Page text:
Bill Bradley and Al Gore had their highest-profile duel of the campaign year so far Saturday, CBS News Correspondent Eric Engberg reports.
In back-to-back speeches before the Democratic National Convention, the two presidential candidates followed a script tailored to respond to criticism they lack the power to excite. For Bradley the challenge was to show he's not the humorless, distant figure some see. He kept his glasses on and was folksy, reminding the audience of his small-town roots.
He also touched the hot button issues -- gun control, civil rights, better health care -- and finished with a flourish designed to put to rest the talk that he's too cerebral to ignite a crowd. "The American dream is not simply for the lucky among us, not simply an ideal to wish on but should be available for all," Bradley said. "We're gonna win and win and win."
As for Gore, he's had nothing but bad news lately: polls showing Bradley pulling even with him in New Hampshire; Senator Patrick Moynihan calling him a loser; and criticism he's spending too much too fast.
Saturday's challenge was to show both the passion and the common touch he's been accused of lacking. He experimented with the walk-around style popularized by Elizabeth Dole. As for passion, he put the crown on notice that "We're gonna fight, fight, fight for every vote coast to coast and border to border. You better believe we're gonna win it."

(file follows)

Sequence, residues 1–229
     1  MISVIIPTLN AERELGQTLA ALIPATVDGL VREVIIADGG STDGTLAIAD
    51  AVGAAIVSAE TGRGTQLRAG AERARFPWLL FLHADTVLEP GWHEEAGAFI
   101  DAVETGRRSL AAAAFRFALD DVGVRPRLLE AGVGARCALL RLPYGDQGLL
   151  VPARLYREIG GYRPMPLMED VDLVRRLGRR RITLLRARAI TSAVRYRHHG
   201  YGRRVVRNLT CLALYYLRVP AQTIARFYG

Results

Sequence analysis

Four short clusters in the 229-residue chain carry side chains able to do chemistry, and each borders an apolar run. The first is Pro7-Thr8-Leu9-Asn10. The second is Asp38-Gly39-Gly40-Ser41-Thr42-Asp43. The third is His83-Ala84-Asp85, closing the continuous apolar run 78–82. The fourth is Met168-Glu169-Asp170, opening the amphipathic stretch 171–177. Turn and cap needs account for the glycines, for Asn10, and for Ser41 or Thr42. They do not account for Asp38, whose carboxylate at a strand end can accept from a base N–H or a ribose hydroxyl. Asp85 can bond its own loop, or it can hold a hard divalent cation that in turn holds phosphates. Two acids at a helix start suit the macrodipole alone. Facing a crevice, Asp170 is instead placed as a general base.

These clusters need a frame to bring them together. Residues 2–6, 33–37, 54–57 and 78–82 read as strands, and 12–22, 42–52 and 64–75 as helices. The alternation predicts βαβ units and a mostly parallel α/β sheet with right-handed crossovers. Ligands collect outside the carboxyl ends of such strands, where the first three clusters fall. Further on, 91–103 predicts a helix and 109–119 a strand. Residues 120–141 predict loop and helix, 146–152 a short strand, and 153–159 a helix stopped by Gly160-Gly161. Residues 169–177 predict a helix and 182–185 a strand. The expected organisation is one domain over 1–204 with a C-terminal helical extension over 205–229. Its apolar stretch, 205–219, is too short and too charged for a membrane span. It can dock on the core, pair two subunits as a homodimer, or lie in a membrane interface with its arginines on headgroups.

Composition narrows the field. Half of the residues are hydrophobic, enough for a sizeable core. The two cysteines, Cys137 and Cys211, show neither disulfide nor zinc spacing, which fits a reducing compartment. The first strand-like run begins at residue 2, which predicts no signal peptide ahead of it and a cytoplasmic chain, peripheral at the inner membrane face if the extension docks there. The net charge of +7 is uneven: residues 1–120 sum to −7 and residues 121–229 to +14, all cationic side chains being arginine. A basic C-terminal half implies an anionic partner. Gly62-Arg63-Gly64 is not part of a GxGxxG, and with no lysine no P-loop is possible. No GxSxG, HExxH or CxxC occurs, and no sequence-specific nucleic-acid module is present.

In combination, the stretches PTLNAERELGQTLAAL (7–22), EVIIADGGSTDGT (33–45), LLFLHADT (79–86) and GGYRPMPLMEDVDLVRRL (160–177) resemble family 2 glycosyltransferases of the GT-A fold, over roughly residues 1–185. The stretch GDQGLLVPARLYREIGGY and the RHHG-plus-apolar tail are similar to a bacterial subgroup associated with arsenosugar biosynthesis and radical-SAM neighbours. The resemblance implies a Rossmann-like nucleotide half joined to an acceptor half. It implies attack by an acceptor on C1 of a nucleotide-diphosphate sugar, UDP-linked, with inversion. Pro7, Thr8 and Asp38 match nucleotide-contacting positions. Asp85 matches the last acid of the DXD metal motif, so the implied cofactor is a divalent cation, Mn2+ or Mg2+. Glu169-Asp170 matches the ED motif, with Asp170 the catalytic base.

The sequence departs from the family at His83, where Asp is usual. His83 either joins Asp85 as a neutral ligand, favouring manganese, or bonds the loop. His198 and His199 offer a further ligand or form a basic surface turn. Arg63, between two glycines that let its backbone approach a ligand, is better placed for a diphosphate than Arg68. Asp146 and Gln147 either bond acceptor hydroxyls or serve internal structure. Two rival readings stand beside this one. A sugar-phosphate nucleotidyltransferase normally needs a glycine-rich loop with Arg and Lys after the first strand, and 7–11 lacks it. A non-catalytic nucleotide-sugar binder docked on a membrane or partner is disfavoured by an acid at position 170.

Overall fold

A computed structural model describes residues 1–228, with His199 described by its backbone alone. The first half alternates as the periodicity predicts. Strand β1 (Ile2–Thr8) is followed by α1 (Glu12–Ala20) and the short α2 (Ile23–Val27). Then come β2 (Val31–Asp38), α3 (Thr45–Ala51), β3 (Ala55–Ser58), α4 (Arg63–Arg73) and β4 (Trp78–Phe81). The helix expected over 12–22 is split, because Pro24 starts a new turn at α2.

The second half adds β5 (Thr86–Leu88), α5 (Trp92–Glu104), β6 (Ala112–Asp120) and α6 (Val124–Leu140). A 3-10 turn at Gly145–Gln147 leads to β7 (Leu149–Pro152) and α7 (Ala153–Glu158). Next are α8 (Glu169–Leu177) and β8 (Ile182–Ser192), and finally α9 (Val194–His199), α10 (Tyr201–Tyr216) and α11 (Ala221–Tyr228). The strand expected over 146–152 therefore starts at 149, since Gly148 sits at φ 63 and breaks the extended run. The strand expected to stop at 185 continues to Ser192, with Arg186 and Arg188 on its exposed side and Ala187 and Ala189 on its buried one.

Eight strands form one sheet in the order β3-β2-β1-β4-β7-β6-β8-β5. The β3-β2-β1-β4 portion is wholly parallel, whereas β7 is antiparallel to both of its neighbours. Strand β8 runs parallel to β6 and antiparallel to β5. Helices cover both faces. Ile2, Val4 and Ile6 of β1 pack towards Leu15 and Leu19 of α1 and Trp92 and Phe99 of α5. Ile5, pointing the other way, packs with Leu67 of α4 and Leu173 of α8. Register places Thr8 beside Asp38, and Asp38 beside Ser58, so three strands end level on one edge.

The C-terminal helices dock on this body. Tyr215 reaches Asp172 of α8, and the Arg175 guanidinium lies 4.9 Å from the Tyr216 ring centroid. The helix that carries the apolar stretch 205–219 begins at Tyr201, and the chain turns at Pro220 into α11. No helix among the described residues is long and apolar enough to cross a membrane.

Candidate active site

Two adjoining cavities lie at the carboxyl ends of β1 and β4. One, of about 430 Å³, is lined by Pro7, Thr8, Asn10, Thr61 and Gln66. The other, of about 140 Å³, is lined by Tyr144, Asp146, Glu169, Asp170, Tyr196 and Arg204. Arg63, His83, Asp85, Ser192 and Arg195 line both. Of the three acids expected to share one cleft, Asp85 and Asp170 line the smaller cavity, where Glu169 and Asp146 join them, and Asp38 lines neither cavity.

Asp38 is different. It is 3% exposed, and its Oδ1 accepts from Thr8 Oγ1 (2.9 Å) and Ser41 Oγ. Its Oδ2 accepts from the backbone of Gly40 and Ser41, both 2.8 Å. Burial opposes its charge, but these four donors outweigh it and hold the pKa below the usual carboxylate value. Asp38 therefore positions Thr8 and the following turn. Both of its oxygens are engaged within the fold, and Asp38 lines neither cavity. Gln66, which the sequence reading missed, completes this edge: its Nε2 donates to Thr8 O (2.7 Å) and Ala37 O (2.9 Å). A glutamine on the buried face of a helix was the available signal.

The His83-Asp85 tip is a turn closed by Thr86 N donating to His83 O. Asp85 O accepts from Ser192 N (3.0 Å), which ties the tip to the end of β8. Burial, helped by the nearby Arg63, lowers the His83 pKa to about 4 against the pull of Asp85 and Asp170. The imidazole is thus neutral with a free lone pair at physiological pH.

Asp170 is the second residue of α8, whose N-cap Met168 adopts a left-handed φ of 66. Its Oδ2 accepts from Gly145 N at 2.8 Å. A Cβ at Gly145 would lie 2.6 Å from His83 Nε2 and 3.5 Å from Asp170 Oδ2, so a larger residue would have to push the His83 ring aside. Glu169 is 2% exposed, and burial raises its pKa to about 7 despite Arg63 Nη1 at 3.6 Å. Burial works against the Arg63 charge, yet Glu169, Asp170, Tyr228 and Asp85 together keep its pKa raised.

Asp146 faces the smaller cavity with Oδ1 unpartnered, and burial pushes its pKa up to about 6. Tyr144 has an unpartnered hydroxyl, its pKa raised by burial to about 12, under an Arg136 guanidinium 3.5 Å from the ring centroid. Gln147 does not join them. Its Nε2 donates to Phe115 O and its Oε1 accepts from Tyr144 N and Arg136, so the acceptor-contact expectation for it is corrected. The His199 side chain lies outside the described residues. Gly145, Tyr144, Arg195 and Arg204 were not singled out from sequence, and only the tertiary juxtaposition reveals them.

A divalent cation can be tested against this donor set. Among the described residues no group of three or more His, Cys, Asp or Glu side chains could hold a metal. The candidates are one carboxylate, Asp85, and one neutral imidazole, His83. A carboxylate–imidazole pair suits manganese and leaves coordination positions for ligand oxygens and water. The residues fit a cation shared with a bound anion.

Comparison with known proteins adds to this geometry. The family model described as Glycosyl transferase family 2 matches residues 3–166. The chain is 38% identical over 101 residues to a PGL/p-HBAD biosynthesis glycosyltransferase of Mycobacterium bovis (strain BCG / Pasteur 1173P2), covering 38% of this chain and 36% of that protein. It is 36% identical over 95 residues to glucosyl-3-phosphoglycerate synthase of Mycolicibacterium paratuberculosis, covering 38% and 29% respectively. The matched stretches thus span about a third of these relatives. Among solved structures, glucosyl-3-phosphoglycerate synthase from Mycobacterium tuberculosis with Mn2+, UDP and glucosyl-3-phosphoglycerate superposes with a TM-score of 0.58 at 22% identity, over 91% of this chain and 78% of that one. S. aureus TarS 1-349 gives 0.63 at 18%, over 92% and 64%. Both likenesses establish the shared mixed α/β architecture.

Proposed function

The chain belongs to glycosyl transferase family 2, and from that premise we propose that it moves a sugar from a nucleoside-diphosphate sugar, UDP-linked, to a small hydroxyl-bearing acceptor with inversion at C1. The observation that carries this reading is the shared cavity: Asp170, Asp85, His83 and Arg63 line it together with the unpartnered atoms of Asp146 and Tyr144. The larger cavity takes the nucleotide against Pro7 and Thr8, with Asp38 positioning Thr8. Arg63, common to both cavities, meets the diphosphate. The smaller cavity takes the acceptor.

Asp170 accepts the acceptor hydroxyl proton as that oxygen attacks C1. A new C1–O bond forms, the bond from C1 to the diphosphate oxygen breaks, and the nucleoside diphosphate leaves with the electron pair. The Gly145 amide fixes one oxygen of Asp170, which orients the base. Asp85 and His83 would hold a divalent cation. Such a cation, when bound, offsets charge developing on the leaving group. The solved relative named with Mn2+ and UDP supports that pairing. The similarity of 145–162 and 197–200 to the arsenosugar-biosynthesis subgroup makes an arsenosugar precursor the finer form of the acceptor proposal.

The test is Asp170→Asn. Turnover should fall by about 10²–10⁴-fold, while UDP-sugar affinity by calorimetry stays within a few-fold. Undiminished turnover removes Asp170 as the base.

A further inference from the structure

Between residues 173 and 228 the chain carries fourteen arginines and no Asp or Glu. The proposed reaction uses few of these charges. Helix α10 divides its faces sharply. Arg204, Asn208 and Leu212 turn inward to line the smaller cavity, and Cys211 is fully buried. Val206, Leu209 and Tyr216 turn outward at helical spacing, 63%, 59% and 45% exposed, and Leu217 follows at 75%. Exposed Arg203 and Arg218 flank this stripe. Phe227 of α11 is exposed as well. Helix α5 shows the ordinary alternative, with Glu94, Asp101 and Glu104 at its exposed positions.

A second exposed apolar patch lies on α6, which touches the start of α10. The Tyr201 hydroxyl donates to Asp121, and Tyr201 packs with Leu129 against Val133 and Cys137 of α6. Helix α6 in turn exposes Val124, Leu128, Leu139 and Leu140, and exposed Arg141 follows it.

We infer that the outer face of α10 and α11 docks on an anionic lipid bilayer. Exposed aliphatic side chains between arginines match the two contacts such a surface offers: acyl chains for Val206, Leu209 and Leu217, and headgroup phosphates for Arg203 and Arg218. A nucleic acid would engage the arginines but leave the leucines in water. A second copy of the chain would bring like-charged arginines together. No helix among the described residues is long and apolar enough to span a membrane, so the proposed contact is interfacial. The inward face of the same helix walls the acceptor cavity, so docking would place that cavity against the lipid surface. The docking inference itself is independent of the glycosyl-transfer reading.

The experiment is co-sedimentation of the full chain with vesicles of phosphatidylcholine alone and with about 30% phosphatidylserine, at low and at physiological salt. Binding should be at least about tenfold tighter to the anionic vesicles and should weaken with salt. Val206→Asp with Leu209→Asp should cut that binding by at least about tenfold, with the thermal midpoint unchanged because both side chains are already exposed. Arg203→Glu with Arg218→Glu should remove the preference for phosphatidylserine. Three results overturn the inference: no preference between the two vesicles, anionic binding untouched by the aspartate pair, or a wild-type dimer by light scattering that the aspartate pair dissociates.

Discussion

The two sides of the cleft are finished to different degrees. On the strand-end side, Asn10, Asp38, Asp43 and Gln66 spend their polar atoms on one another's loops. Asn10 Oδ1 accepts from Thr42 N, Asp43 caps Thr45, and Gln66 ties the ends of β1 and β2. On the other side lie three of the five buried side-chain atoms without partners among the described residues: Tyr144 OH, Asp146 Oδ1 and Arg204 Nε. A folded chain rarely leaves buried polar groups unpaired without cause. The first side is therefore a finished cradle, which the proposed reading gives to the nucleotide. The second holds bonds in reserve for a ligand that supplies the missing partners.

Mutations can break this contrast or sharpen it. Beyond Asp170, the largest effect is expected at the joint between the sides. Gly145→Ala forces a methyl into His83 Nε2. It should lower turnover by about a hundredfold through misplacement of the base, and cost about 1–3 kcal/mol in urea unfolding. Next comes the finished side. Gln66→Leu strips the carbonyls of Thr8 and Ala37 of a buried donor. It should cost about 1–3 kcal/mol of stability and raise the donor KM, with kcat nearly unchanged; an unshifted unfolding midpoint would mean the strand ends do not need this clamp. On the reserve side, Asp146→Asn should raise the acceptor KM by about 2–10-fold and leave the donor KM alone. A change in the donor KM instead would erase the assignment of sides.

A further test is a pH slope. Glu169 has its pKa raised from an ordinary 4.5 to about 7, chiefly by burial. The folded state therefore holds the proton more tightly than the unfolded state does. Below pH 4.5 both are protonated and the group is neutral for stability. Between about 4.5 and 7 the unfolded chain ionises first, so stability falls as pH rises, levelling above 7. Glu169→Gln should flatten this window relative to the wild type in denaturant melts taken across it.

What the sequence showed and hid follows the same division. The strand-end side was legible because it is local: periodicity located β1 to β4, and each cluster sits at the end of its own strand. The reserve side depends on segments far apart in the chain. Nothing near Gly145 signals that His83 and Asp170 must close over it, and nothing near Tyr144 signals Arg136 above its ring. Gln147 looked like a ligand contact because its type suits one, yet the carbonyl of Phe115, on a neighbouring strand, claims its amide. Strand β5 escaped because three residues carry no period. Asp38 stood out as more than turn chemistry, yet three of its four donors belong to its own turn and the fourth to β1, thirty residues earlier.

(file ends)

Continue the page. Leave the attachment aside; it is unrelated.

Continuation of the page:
As he exited to the sound of Shania Twain's "Rock this Country", Gore's backers were relieved. "If you had any doubts about Gore being interesting, entertaining, challenging, passionate, that should have put everybody's mind at ease today," explained Texas Democratic Committeeman Bob Slagle.
As Democrats, both combatants gave the party credit for the recent economic prosperity, promising more to come. But, in a slight that will not go unnoticed at the White House, Bradley mentioned President Clinton only once -- and Gore not at all.